Govt may permit private miners to extract lithium

The Government is attempting to modify the law to permit private miners to extract lithium, a crucial component of batteries used in electric vehicles and energy storage, as the country strives to become more self-sufficient in green technologies.

The Modi government aims to change current laws during the current session of parliament, an official reported this to Bloomberg.

There will be a removal of eight minerals from the restricted list that presently forbids production by private enterprises, including lithium, beryllium, and zirconium. This would enable the government to auction off licences to explore lithium reserves, Bloomberg quoted a source.

In wake of this action, the government is also aiming to reduce India’s dependence on imports for some key minerals while putting the country in a better position to compete in the lucrative battery supply chain.

The country also seeks to expand domestic production of a variety of zero-emission technologies in order to meet its goal of becoming carbon neutral by 2070 and to benefit from opportunities presented by the world’s transition to cleaner energy.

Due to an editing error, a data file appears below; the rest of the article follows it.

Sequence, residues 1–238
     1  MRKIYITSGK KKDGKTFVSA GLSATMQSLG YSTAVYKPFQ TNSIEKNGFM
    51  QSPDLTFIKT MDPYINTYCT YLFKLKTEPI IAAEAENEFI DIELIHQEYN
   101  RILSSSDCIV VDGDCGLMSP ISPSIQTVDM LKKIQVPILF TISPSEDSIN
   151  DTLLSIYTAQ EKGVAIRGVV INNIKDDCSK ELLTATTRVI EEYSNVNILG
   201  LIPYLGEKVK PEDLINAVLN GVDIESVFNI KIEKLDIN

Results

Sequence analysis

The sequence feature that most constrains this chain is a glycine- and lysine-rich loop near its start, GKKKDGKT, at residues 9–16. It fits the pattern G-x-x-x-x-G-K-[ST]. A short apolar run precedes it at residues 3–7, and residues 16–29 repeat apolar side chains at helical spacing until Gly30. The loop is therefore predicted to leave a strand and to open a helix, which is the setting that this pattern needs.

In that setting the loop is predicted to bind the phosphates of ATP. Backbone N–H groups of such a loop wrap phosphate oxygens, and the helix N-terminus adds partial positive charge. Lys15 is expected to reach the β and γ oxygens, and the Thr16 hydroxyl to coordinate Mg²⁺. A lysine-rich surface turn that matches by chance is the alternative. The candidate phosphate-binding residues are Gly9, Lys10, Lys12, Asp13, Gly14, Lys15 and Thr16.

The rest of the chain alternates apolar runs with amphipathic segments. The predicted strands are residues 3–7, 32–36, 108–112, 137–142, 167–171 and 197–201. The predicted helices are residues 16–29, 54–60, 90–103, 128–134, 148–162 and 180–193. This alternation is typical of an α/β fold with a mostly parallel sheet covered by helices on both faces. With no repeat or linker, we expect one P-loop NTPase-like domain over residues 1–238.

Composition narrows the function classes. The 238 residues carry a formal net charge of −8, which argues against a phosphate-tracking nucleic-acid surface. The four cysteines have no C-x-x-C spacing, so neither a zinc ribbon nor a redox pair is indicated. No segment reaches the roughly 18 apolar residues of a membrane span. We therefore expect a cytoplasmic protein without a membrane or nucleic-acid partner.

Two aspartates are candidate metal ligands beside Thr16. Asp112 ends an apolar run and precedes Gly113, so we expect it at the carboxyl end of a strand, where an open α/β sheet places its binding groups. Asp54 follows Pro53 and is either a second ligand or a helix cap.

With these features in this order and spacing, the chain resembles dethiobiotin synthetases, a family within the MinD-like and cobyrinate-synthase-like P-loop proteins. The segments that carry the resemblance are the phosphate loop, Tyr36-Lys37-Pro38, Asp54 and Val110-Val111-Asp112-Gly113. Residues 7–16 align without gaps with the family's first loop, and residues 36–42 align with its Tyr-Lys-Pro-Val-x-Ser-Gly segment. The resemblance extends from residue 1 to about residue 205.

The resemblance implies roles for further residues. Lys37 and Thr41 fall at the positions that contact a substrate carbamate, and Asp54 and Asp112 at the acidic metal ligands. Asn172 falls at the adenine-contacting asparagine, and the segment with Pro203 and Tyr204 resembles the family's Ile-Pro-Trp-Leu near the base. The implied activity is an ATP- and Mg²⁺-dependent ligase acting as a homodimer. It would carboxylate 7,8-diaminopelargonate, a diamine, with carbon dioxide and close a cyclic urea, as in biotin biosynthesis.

It has also committed to constructing 500 gigawatts of clean energy capacity by 2030, and it is believed that in order to make it possible for renewable energy to be used continuously, massive amounts of battery storage must be deployed.

According to the mines ministry, government organisations have been searching for lithium and have found a modest supply at a location in the Karnataka state. However, India would still need to identify and develop more deposits if it wanted to produce lithium on any significant scale and lessen its

on imports.

China is the top refiner in the world, while Australia and Chile now provide the most raw materials.

As per the data from the trade ministry, India’s imports of lithium-ion batteries increased by 54 percent from a year earlier to $1.83 billion in the year ended in March.

Despite India’s efforts to avoid imports from its northern neighbour, China and Hong Kong together accounted for over 87 percent of the purchases. Along with efforts to increase domestic output, the nation is also looking abroad for lithium and cobalt assets. To purchase mines abroad, a joint venture has been established with National Aluminium Co.,

., and Mineral Exploration Corp.

Inputs from Bloomberg

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Harry Byrne

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